Lincoln: Domesday is coming!

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The Historic Lincoln Trust is delighted that the Domesday Book – the earliest land survey – will make a once-in-a-generation trip to Lincoln as part of a major exhibition for 2017.

The iconic document was commissioned in 1086 by William the Conqueror following his successful invasion 20 years earlier. Domesday gave the king a picture of his realm by recording the taxable value and resources of all the boroughs and manors in England.

The document will be on loan to Lincoln Castle from its permanent home at The National Archives, London. On display in the David PJ Ross Magna Carta Vault from 27 May to 3 September, Domesday will be one of a number of local and national treasures showcased as part of Battles and Dynasties, an exhibition brought together by Lincolnshire County Council, Lord Cormack and the Historic Lincoln Trust.

Lord Cormack, chairman of the Historic Lincoln Trust, says:

“This will be a very special exhibition with major works of art and manuscripts which have never been seen together before. I am particularly thrilled that Domesday Book which is the single most important item in our national archive, and which records the Lincolnshire of 1086 in meticulous detail, will be on display in the David PJ Ross Magna Carta Vault. I am most grateful to Mr Ross and to other generous sponsors for making this historic exhibition possible.”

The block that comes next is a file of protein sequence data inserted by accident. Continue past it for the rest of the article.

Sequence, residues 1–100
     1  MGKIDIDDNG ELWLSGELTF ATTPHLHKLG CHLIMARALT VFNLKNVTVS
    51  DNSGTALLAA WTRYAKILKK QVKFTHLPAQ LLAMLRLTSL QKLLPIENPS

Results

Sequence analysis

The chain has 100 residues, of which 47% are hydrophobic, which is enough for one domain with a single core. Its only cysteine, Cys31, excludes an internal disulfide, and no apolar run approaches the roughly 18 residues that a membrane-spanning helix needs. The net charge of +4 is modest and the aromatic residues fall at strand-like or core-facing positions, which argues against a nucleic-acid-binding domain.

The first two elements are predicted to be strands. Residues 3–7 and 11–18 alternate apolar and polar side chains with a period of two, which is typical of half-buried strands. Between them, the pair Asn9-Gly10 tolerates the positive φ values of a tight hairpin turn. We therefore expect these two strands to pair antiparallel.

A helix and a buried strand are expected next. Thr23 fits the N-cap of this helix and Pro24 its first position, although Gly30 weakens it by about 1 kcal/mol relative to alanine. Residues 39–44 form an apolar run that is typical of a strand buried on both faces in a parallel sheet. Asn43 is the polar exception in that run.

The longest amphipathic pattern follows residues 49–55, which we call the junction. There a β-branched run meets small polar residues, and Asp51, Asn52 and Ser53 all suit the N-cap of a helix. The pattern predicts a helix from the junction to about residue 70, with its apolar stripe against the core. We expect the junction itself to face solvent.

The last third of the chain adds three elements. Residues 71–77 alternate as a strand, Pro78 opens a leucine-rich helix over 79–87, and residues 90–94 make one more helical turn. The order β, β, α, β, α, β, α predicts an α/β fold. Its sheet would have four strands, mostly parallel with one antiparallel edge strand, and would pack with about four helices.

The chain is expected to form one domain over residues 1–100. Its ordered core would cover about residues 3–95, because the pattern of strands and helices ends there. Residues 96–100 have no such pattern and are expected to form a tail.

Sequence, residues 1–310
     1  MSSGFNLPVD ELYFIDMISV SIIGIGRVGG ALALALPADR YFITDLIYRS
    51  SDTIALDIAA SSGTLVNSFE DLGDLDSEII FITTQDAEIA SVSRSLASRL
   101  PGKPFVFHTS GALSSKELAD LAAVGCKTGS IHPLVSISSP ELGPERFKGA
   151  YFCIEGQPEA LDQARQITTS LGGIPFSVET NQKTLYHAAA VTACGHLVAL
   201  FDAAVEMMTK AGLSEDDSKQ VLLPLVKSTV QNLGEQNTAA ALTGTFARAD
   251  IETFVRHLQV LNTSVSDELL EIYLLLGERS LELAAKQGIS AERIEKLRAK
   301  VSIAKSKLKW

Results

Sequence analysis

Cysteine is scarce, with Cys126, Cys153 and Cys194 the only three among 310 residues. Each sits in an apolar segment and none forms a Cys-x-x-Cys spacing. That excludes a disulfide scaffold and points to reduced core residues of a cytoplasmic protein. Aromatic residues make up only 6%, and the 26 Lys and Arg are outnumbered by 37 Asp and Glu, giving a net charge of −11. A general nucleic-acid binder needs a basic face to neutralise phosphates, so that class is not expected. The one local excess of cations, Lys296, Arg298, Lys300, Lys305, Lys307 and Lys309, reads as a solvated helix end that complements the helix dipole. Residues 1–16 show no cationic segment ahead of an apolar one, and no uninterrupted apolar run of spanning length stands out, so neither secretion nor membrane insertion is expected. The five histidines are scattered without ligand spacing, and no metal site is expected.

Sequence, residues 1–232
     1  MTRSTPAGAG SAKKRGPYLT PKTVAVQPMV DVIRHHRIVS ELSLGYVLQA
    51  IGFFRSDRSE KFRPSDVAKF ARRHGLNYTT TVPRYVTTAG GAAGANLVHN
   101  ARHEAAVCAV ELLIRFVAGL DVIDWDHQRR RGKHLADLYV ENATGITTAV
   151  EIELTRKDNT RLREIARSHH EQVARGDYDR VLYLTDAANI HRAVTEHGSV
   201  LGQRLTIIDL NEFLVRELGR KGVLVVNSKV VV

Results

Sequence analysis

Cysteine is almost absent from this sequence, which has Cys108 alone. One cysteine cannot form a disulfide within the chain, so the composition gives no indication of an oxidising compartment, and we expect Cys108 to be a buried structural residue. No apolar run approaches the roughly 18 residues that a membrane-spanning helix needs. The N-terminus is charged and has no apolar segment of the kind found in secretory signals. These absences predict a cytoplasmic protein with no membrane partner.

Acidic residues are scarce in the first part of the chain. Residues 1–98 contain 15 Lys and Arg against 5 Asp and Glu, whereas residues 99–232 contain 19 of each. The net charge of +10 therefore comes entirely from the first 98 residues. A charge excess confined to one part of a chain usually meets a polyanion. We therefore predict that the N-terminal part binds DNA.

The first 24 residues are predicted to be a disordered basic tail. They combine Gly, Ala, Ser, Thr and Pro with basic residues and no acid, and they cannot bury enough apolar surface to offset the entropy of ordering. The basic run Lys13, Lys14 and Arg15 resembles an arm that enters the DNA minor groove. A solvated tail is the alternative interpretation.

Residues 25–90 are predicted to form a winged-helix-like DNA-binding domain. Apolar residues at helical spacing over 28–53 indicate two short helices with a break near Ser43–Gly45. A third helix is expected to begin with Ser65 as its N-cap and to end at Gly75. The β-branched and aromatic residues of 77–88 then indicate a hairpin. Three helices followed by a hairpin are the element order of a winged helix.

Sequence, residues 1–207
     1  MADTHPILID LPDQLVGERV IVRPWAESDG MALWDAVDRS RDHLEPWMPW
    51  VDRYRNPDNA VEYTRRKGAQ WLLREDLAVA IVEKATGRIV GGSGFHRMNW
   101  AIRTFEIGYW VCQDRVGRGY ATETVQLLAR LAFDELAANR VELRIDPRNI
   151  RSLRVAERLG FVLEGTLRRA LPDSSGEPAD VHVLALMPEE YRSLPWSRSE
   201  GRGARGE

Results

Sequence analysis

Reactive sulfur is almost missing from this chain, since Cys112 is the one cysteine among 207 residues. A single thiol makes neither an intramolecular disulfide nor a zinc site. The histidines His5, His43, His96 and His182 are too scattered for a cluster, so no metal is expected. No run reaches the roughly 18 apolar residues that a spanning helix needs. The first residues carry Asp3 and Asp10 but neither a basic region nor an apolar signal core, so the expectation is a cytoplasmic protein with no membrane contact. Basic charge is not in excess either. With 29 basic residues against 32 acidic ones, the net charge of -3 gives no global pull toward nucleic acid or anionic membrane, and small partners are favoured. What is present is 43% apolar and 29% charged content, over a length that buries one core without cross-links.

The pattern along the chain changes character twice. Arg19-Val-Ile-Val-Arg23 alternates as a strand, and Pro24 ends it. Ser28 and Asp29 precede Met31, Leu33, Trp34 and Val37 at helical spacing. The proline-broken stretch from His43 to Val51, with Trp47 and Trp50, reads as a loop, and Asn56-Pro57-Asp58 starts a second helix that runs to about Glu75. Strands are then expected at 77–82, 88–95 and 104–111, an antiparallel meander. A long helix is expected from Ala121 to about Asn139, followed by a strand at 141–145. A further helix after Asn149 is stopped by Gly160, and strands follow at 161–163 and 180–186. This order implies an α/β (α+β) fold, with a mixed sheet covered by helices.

Jeff James, Chief Executive and Keeper at The National Archives says:

“There simply is no other document like Domesday. It is our nation’s earliest, most important and most treasured public record, a work of the greatest historic significance.  It offers an insight into life and society in England more than 900 years ago and just as importantly it still has the power to engage and inform us today. As a national institution we are delighted that the most iconic public record is going out to the public, allowing visitors a unique opportunity to view it as part of a fascinating exhibition in the fine medieval surroundings of Lincoln Castle this summer.”

Cllr Nick Worth, executive councillor for heritage, says:

“This is an unmissable chance for visitors to see the book within the grounds of a castle built by the same king that ordered it to be written. Following the investment in Lincoln Castle and The Collection, we’re lucky to have the state-of-the-art conditions to display special items like this here in Lincoln. I’d like to thank all the staff in the heritage service that have been working very hard with our partners to make this happen.”

The Battles and Dynasties exhibition, to be displayed at The Collection in Lincoln, has been brought together by Lincolnshire County Council and Lord Cormack in partnership with the Historic Lincoln Trust, The National Archives, the British Library and the Royal Collection. This exhibition has been made possible as a result of the Government Indemnity Scheme. Lincolnshire County Council would like to thank HM Government for providing Government Indemnity and the Department for Culture, Media and Sport and Arts Council England for arranging the indemnity.

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